Con­trolled friend is cause for worry

The Commercial Appeal - - Front Page -

I am con­cerned about one of my friends, “Amanda.” She and I are both mid­dle-aged house­wives with only part-time jobs. Amanda comes from a much more re­pressed back­ground than I do. She was raised to be­lieve that wives should be sub­mis­sive. Amanda has com­plained about her con­trol­ling hus­band. She told me he checks her phone and email all the time. How­ever, she has such an up­beat, happy dis­po­si­tion, I thought she was ex­ag­ger­at­ing. About a month ago, she told me that since she’s got­ten to know me, she’s had the courage to speak up to her hus­band about some things for the very first time, and it has led to some pos­i­tive changes in their mar­riage.

The next week, Amanda’s hus­band just showed up with her at our lunch. I wel­comed meet­ing him be­cause I knew he could see that I’m a straight woman who poses no threat.

Since then, how­ever, he has come with her ev­ery week. He owns his own busi­ness, so he must have re­ar­ranged his whole sched­ule! He sits with us but doesn’t say much. Of course, my con­ver­sa­tion with Amanda is quite dif­fer­ent with him there. This whole thing seems weird. Do you have any sug­ges­tions?

Though you might be limited in what you can say to Amanda, your mere pres­ence speaks vol­umes. It tells her she’s not alone — that some­one cares. To some­one in an abu­sive re­la­tion­ship, that’s an in­valu­able mes­sage. And that’s why the best thing you can do for Amanda right now is to con­tinue at­tend­ing th­ese lunches and pre­tend­ing her hus­band’s pres­ence is wel­come. Any per­ceived re­jec­tion of him would be used to sep­a­rate you from her. Call The Na­tional Do­mes­tic Vi­o­lence Hot­line (800-799-7233) for more guid­ance.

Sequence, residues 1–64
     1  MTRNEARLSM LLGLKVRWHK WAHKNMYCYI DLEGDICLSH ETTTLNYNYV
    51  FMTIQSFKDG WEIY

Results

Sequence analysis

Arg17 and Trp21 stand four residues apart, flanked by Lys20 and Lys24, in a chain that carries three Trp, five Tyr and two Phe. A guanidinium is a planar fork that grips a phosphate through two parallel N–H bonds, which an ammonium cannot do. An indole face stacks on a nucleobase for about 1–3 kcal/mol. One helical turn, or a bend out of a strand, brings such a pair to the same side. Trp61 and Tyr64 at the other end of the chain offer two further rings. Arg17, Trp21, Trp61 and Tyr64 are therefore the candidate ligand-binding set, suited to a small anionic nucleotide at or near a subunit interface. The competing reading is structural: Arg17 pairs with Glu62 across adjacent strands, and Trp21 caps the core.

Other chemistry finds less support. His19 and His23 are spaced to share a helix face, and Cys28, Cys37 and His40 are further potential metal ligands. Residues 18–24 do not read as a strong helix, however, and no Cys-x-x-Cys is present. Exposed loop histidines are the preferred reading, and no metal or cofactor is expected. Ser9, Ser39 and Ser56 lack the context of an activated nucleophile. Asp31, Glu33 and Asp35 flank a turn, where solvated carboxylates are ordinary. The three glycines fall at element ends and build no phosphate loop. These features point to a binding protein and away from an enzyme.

I cer­tainly sym­pa­thize with “Con­cerned Le­gion­naire’s Wife.” Many years ago, I at­tempted to sign up for an Amer­i­can Le­gion post but was told by a mis­in­formed in­di­vid­ual that women could not join the or­ga­ni­za­tion. Rather than judge the en­tire or­ga­ni­za­tion by the er­ro­neous view of one in­di­vid­ual, I found an­other Amer­i­can Le­gion post. To­day I am the na­tional com­man­der of The Amer­i­can Le­gion, and that orig­i­nal post dis­plays my of­fi­cial pho­to­graph with the words, “She could have be­longed to this post. Re­mem­ber, women are vet­er­ans too!”

Though I can­not speak about the spe­cific al­le­ga­tions that “Con­cerned Le­gion­naire’s Wife” men­tioned, I would like to en­cour­age her to re­port any malfea­sance to her state’s Amer­i­can Le­gion head­quar­ters. Cre­ated in 1919 by a group of World War I vet­er­ans, The Amer­i­can Le­gion was founded on the pil­lars of vet­er­ans care, a strong na­tional de­fense, Amer­i­can­ism and pa­tri­otic youth pro­grams. It is an or­ga­ni­za­tion that Amer­ica can be most proud of. For God and Coun­try...

The be­hav­ior “Con­cerned Le­gion­naire’s Wife” de­scribed might have taken place at an Amer­i­can Le­gion post, but it had noth­ing to do with The Amer­i­can Le­gion — a point your thought­ful let­ter ham­mers home. Thank you for all that you and the or­ga­ni­za­tion have done.

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